This press release was issued Friday afternoon by the Will County Health Department:
The positive samples were all collected July 24, and positive WNV test results were confirmed the next day. Monitoring sites operated by Will County Environmental Health have now generated six WNV positives this summer. A blue jay collected in Wilmington and a robin taken from Plainfield have also tested WNV-positive.
Will is one of at least 26 Illinois counties to report WNV activity this summer, with the majority of confirmations emanating from Chicagoland. Through July 24, 315 of the state’s 375 WNV-positive mosquito samples (84 percent), and nine of 21 WNV-positive birds from Illinois were collected from Cook or DuPage counties. Both of the state’s human WNV cases identified so far (both females), reside in suburban Cook County.
The abnormally hot and dry weather experienced this summer has created ideal conditions for the Culex pipiens mosquitoes most often implicated in human WNV transmission. The Health Department strongly urges area residents to take personal precautions designed to prevent mosquito bites.
Persons spending long periods outdoors are advised to use insect repellents containing DEET, or other chemical compounds that deter mosquitoes. Culex mosquitoes are most active near dawn and during the early evening.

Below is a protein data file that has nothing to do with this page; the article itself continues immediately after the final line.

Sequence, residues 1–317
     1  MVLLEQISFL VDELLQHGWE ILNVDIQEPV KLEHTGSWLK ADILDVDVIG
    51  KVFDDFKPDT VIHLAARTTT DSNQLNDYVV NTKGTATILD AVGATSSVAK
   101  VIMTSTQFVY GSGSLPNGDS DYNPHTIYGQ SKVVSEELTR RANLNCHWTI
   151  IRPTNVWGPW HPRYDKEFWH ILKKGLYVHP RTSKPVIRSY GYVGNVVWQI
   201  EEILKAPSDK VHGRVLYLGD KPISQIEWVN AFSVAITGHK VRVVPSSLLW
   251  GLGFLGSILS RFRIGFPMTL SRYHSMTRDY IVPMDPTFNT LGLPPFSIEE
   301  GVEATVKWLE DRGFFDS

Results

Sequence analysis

The Health Department is accelerating mosquito monitoring in order to keep pace with what appears to be a burgeoning WNV potential. All monitoring sites are currently harvested twice weekly, but selected sites will now be visited three times a week. Additional monitoring sites may also be added. Fifteen monitoring sites are currently active, including two in Joliet and two in Bolingbrook. All four of the Joliet and Bolingbrook sites have yielded one WNV-positive mosquito sample so far.
Read this Patch article for more information about why this summer has created ideal breeding grounds for mosquitoes carrying West Nile virus, and what you can do to protect yourself and reduce the number of mosquitoes.